Talia Lavin is a former fact-checker for the New Yorker, whoresigned from her job after she falsely accused an ICE agent of having a Nazi tattoo (it was, instead, the symbol for the platoon in which he served in Afghanistan.)

Talia Levin, with a similar sounding last name, is an Israeli journalist. She’s never been to New York, but she’s planning a trip very soon and was excited to see the city’s wonders for herself. That is, before she woke up one morning to find that a bunch of Americans she’d never met were saying very mean things about her on Twitter.

“What the hell is wrong with you?” asked one stranger, writing in all caps. He was one of the more polite ones. Soon, media outlets started approaching Levin via the social network as well, asking her to come on the air and defend herself.

Kafka’s Joseph K. came to mind, Levin wrote in a recent account of her ordeal, and she set out to learn what it was that she was being accused of doing. When she learned about the other Talia Lavin, one letter and a continent away, she laughed it all off. A well-known writer and reporter in Israel, she was accustomed to random strangers accosting her on the social network.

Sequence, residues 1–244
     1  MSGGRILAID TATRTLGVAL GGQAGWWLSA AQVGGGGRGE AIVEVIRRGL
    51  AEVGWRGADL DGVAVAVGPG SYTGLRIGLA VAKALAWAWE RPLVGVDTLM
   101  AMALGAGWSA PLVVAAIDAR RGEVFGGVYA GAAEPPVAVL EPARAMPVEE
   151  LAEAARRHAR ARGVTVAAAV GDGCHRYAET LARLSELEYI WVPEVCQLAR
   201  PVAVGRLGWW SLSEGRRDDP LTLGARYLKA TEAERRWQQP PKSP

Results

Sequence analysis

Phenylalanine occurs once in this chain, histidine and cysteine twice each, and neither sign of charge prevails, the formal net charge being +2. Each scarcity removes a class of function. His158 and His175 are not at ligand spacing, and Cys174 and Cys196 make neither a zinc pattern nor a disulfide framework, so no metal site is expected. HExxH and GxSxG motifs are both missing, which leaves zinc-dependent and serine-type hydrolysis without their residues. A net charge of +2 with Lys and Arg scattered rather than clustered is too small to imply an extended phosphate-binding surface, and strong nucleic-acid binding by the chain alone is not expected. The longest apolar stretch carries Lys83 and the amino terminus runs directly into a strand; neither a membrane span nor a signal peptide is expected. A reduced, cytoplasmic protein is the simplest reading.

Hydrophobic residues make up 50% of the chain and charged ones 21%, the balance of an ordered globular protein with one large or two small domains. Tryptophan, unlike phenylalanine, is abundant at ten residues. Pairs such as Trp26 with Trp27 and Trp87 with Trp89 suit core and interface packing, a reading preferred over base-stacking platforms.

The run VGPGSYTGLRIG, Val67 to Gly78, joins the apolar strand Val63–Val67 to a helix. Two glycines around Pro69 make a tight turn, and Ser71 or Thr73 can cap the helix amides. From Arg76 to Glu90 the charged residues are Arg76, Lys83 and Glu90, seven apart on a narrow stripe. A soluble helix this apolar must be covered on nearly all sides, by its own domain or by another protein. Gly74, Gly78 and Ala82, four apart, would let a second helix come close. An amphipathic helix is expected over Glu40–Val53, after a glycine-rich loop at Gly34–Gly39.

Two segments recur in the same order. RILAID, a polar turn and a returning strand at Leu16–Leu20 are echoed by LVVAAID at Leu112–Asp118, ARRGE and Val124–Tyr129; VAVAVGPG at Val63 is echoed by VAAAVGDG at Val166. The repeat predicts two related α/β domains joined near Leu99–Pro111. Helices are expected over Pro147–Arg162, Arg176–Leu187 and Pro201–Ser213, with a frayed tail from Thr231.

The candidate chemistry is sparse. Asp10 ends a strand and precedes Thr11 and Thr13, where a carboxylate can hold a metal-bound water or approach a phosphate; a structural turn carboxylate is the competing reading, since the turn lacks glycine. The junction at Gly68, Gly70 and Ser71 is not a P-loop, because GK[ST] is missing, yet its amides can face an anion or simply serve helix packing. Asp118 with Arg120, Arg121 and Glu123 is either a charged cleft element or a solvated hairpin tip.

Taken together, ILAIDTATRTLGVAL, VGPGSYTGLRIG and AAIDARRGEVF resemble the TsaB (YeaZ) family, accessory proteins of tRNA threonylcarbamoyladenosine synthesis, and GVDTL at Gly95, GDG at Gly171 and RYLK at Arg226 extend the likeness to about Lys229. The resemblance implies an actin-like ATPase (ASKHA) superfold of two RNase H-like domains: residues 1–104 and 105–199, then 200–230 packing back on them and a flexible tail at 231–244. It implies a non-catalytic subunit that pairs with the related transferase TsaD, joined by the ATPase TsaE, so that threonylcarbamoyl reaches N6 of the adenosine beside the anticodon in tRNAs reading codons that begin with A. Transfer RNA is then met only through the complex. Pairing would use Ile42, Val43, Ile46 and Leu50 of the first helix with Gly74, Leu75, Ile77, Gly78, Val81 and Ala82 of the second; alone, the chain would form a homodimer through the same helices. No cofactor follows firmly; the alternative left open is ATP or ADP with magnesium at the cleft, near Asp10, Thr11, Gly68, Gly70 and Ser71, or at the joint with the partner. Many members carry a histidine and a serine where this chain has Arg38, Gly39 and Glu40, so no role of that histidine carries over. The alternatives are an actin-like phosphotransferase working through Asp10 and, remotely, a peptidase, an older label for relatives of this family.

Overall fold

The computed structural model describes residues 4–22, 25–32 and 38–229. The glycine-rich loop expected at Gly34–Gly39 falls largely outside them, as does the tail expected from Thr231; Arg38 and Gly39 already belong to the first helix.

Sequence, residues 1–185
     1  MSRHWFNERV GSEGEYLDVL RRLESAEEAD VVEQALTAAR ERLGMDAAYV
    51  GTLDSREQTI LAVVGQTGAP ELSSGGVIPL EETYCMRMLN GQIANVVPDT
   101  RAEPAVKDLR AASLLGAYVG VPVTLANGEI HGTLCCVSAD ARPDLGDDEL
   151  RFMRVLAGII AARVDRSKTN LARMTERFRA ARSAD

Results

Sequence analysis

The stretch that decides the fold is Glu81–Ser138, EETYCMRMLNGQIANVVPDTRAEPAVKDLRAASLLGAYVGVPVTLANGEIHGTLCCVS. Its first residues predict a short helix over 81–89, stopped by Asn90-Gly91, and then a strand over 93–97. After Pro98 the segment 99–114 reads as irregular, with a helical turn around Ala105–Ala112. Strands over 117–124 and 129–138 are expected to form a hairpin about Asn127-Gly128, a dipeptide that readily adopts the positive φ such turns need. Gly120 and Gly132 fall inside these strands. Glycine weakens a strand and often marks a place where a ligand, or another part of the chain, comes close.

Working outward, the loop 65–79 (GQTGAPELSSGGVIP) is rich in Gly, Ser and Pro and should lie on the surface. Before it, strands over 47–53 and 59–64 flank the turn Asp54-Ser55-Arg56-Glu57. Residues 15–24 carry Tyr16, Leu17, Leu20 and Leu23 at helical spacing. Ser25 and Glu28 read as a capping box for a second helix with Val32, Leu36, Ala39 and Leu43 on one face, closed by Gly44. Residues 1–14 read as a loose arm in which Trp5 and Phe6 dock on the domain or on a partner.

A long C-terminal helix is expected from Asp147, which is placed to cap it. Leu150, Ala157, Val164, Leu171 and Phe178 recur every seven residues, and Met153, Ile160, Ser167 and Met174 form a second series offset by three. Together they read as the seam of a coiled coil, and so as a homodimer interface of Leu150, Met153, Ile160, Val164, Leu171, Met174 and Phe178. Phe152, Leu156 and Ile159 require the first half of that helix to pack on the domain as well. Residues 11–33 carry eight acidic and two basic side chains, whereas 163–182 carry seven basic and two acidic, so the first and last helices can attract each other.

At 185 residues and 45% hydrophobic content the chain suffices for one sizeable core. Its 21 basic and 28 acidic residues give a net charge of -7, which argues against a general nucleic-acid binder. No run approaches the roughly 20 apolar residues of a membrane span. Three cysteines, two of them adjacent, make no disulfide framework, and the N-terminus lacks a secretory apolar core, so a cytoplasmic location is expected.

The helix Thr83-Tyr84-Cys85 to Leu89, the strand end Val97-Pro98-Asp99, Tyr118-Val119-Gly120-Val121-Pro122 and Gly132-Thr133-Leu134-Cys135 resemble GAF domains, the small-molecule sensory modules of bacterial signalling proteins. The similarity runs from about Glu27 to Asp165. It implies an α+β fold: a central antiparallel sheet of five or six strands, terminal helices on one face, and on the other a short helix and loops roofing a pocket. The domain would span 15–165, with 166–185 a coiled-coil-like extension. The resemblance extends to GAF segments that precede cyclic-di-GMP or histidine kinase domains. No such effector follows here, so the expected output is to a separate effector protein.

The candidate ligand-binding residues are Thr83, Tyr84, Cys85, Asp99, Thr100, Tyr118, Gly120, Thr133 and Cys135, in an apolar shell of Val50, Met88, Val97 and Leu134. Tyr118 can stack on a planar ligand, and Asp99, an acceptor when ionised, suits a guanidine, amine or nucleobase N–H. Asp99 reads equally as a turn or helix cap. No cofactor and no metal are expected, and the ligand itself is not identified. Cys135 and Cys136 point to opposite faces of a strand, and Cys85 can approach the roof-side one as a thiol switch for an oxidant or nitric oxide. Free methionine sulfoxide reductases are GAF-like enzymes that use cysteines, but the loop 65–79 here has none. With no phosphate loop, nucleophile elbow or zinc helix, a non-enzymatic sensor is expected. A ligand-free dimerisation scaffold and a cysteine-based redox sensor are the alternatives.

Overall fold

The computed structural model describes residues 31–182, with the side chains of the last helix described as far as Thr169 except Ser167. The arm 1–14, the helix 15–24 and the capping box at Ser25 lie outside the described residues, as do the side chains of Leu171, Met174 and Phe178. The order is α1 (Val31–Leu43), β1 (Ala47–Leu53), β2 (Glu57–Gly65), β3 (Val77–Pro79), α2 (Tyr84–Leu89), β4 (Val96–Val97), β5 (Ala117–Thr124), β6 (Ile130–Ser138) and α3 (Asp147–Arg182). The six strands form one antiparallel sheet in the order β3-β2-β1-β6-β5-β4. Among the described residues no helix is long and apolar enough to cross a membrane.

But Twitter is a harsh mistress. “What amused me in the morning, turned to an emotional burden by noon, and, as evening fell, to real fear,” she wrote. “I admit that I couldn’t even properly translate most of the witty curse words from English, and at some point I just stopped responding to messages. But I read every word, if only to take advantage of the golden opportunity I now had to compare the styles of Israeli and American internet trolls.”

Eventually, Levin’s protestations found an audience. “I was surprised,” she wrote, “by how many people wrote me to say they were sorry. Of course, I forgave them.”

And while so many of us stateside spend much time fretting about how social media have destroyed every shred of decency, Levin came away with a decidedly more cheerful take: Instead of focusing on the awfulness of the trolls who attacked her, she reveled at the decency of those commenters who wrote to apologize. This civility struck her as a particularly American trait. “The Americans,” she wrote, “still have a tiny sliver of good manners. Not all hope is yet lost for humanity.” Amen to that, sister.





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